Saturday 20 June, 2020

Quote of the Day

Another sign of Mr Trump’s interest in books came during the Black Lives Matter protests, when he appeared outside a Washington DC church holding a Bible. It was a deeply sinister move. And also a reminder to rewatch the interview where he claims the Bible is his favourite book but can’t seem to recall any verses. Asked whether he’s an “Old Testament guy or a News Testament guy”, he hesitates before replying “probably equal”. Evangelical Christians, you don’t have to vote for him.

  • Henry Mance, Financial Times, 20/21 June, 2020

A Coronavirus Quiz

Below is a statement made by Matt Hancock, Secretary of State for Health, the House of Commons.

We have a clear four-part plan to respond to the outbreak of this disease: contain, delay, research and mitigate. We are taking all necessary measures to minimise the risk to the public. We have put in place enhanced monitoring measures at UK airports, and health information is available at all international airports, ports and international train stations. We have established a supported isolation facility at Heathrow to cater for international passengers who are tested, and to maximise infection control and free up NHS resources.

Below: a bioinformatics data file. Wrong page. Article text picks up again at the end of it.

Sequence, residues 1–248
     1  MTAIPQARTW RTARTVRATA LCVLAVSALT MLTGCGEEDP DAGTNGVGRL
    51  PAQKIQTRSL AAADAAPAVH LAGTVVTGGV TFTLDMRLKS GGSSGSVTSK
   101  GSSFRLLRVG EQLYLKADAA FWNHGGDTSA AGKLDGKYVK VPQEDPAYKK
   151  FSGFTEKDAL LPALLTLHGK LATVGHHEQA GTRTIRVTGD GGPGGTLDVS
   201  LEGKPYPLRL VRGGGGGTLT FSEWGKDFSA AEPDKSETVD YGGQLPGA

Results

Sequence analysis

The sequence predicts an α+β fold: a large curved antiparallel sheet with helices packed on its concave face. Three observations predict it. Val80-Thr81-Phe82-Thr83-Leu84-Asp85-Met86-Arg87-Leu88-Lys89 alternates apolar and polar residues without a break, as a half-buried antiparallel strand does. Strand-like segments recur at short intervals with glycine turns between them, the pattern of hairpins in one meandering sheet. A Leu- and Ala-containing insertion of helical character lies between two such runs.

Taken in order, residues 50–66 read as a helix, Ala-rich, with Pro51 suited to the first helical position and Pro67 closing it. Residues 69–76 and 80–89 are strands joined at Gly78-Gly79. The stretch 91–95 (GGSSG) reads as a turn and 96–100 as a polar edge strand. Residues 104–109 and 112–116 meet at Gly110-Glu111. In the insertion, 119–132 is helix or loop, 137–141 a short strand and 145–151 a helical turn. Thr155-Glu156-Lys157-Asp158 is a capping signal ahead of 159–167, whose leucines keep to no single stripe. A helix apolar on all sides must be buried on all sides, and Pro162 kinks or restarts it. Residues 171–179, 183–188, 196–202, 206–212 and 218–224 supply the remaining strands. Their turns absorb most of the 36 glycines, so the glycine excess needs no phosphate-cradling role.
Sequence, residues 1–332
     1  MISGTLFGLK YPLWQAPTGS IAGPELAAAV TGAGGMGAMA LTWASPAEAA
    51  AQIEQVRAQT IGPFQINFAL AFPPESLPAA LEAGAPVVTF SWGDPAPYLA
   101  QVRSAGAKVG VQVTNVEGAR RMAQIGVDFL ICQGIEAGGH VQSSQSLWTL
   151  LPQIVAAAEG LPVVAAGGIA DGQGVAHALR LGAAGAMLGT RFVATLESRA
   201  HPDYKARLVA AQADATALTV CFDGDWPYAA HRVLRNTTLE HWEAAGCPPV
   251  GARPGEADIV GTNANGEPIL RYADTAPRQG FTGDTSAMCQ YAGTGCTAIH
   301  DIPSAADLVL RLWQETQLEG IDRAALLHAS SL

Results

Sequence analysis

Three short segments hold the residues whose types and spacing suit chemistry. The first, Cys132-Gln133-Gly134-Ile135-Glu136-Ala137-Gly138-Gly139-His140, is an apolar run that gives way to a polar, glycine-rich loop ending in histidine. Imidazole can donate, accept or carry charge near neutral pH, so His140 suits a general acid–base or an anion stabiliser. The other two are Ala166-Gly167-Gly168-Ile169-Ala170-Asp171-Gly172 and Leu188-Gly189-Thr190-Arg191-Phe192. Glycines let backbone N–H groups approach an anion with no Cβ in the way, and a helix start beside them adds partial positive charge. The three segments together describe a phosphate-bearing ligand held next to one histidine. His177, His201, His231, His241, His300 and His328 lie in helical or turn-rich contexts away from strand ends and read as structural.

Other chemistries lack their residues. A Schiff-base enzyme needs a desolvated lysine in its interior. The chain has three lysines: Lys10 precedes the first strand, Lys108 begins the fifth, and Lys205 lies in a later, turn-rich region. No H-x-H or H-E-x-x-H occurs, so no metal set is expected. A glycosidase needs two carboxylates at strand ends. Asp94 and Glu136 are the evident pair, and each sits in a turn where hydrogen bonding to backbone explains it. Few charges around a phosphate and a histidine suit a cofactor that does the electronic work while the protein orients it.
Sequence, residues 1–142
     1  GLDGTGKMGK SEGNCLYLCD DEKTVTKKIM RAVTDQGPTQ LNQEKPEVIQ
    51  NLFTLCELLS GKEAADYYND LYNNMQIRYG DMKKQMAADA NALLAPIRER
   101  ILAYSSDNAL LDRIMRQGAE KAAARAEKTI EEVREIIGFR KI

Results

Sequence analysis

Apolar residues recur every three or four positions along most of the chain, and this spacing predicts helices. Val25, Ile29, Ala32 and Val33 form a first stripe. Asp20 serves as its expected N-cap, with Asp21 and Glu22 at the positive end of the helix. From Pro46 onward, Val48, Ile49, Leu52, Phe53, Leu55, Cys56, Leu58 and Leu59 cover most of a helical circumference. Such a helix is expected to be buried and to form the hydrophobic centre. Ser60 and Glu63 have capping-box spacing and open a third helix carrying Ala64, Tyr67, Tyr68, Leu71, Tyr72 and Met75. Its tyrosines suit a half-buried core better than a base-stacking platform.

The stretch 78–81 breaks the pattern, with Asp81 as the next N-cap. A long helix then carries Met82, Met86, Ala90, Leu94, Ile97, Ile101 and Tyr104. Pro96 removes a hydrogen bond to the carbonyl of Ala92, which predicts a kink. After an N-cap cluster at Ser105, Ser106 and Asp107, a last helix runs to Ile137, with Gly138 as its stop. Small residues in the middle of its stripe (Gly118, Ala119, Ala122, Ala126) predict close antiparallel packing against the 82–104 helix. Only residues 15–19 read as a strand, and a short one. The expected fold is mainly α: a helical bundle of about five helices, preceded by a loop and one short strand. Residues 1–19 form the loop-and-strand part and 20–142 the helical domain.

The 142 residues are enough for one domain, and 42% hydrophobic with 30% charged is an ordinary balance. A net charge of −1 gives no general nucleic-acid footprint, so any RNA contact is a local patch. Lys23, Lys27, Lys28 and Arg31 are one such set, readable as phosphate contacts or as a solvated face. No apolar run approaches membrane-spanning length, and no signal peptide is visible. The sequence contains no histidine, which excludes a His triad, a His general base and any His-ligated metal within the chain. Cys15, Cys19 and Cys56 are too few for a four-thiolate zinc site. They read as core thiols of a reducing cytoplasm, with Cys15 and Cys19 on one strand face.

We are working closely with the World Health Organisation, the G7 and the wider international community to ensure that we are ready for all eventualities. We are co-ordinating research efforts with international partners. Our approach has at all times been guided by ​the chief medical officer, working on the basis of the best possible scientific evidence. The public can be assured that we have a clear plan to contain, delay, research and mitigate, and that we are working methodically through each step to keep the public safe.